In epidemiology, the basic reproduction number (sometimes called basic reproductive ratio, or incorrectly basic reproductive rate, and denoted R_{0}, r nought) of an infection can be thought of as the number of cases one case generates on average over the course of its infectious period, in an otherwise uninfected population.^{[6]}
This metric is useful because it helps determine whether or not an infectious disease can spread through a population. The roots of the basic reproduction concept can be traced through the work of Alfred Lotka, Ronald Ross, and others, but its first modern application in epidemiology was by George MacDonald in 1952, who constructed population models of the spread of malaria.
When
the infection will die out in the long run. But if
the infection will be able to spread in a population.
Generally, the larger the value of R_{0}, the harder it is to control the epidemic. For simple models and a 100%-effective vaccine, the proportion of the population that needs to be vaccinated to prevent sustained spread of the infection is given by 1 − 1/R_{0}. The basic reproduction number is affected by several factors including the duration of infectivity of affected patients, the infectiousness of the organism, and the number of susceptible people in the population that the affected patients are in contact with.
In populations that are not homogeneous, the definition of R_{0} is more subtle. The definition must account for the fact that a typical infected individual may not be an average individual. As an extreme example, consider a population in which a small portion of the individuals mix fully with one another while the remaining individuals are all isolated. A disease may be able to spread in the fully mixed portion even though a randomly selected individual would lead to fewer than one secondary case. This is because the typical infected individual is in the fully mixed portion and thus is able to successfully cause infections. In general, if the individuals who become infected early in an epidemic may be more (or less) likely to transmit than a randomly chosen individual late in the epidemic, then our computation of R_{0} must account for this tendency. An appropriate definition for R_{0} in this case is "the expected number of secondary cases produced by a typical infected individual early in an epidemic".^{[7]}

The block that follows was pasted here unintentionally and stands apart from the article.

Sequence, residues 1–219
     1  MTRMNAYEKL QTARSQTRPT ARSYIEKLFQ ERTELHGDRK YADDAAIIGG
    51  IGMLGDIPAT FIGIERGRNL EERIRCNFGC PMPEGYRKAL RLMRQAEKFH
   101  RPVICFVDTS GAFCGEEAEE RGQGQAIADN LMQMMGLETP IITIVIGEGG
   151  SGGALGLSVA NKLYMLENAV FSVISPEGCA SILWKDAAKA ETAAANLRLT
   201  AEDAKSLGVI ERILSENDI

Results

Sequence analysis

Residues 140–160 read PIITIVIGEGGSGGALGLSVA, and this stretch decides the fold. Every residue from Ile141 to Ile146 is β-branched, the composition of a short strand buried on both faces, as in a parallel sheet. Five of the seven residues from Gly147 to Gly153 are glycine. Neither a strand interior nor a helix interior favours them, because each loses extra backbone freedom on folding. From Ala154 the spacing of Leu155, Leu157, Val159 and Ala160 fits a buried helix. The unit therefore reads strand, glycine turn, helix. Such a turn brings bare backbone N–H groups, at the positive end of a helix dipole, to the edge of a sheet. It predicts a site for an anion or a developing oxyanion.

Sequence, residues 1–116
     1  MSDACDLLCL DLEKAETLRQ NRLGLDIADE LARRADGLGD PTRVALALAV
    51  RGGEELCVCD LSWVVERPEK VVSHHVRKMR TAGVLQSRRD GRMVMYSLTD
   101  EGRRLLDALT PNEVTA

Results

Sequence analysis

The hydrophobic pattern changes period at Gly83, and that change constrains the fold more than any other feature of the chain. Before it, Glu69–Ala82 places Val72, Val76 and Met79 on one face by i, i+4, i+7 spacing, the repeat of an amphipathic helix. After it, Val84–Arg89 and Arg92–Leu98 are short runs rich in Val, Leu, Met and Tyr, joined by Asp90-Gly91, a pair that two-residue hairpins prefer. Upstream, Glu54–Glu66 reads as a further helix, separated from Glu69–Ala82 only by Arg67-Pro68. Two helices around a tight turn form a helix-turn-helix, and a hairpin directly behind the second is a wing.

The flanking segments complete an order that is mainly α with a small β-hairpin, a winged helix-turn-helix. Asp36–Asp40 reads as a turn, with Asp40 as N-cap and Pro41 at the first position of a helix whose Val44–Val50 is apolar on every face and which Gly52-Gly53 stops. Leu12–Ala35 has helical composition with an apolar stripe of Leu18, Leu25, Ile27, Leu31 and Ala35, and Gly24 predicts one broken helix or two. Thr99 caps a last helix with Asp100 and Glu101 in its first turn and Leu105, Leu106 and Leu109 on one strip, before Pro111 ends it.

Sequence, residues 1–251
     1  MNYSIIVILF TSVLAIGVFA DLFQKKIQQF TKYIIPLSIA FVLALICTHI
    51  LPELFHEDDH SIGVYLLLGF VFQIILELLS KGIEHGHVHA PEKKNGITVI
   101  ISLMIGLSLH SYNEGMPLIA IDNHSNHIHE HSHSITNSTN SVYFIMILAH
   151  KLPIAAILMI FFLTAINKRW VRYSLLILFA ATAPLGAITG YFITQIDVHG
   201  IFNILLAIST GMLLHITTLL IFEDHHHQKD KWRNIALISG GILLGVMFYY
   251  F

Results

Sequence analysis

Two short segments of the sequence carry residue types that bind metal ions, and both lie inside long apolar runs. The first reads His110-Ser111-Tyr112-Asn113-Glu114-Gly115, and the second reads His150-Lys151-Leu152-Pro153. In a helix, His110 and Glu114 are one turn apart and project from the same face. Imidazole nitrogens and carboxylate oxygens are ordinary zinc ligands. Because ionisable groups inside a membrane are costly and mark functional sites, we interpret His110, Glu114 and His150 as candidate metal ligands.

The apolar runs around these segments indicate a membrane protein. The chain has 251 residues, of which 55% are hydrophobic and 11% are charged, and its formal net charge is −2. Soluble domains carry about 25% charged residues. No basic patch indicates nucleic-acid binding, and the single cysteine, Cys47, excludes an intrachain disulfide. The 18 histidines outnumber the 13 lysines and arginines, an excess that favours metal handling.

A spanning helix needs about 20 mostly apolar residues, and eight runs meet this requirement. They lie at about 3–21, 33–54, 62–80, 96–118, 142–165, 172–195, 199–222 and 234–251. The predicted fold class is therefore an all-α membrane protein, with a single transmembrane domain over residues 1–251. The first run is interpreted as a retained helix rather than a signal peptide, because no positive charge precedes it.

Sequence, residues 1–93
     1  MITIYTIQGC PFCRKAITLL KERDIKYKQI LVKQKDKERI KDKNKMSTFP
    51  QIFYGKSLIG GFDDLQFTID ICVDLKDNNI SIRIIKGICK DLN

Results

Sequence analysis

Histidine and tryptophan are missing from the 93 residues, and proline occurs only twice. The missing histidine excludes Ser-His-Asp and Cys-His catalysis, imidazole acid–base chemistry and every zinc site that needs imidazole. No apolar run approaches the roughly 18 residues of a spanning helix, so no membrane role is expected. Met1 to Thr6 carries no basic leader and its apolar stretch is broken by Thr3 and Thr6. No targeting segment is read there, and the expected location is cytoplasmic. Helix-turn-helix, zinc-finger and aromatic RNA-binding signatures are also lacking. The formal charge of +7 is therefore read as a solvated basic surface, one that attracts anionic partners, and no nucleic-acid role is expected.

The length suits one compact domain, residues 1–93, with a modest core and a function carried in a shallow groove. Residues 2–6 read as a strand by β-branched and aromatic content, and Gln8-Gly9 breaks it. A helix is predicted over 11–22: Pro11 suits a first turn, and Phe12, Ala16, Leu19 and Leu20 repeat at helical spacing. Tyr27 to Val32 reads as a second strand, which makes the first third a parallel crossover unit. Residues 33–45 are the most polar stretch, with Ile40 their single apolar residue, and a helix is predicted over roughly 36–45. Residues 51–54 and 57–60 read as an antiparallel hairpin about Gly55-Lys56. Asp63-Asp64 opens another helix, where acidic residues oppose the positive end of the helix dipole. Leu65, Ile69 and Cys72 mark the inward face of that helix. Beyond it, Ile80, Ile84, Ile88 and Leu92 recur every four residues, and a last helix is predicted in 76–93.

Say that an infectious individual makes β contacts per unit time producing new infections with a mean infectious period of 1/γ. Therefore, the basic reproduction number is
In cases of diseases with varying latent periods, the basic reproduction number can be calculated as the sum of the reproduction number for each transition time into the disease. An example of this is tuberculosis. Blower et al.^{[8]} calculated from a simple model of TB the following reproduction number:
In their model, it is assumed that the infected individuals can develop active TB by either direct progression (the disease develops immediately after infection) considered above as FAST tuberculosis or endogenous reactivation (the disease develops years after the infection) considered above as SLOW tuberculosis.
R_{0} is also used as a measure of individual reproductive success in population ecology,^{[9]} evolutionary invasion analysis and life history theory. It represents the average number of offspring produced over the lifetime of an individual (under ideal conditions).
For simple population models, R_{0} can be calculated, provided an explicit decay rate (or "death rate") is given. In this case, the reciprocal of the decay rate (usually 1/d) gives the average lifetime of an individual. When multiplied by the average number of offspring per individual per timestep (the "birth rate" b), this gives R_{0} = b / d. For more complicated models that have variable growth rates (e.g. because of self-limitation or dependence on food densities), the maximum growth rate should be used.
When calculated from mathematical models, particularly ordinary differential equations, what is often claimed to be R_{0} is, in fact, simply a threshold, not the average number of secondary infections. There are many methods used to derive such a threshold from a mathematical model, but few of them always give the true value of R_{0}. This is particularly problematic if there are intermediate vectors between hosts, such as malaria.^{[citation needed]}
What these thresholds will do is determine whether a disease will die out (if R_{0} < 1) or whether it may become epidemic (if R_{0} > 1), but they generally can not compare different diseases. Therefore, the values from the table above should be used with caution, especially if the values were calculated from mathematical models.
Methods include the survival function, rearranging the largest eigenvalue of the Jacobian matrix, the next-generation method,^{[10]} calculations from the intrinsic growth rate,^{[11]} existence of the endemic equilibrium, the number of susceptibles at the endemic equilibrium, the average age of infection ^{[12]} and the final size equation. Few of these methods agree with one another, even when starting with the same system of differential equations. Even fewer actually calculate the average number of secondary infections. Since R_{0} is rarely observed in the field and is usually calculated via a mathematical model, this severely limits its usefulness.^{[13]}
In the 2011 film Contagion, a fictional medical disaster thriller, R_{0} calculations are presented to reflect the progression of a fatal viral infection from case studies to a pandemic.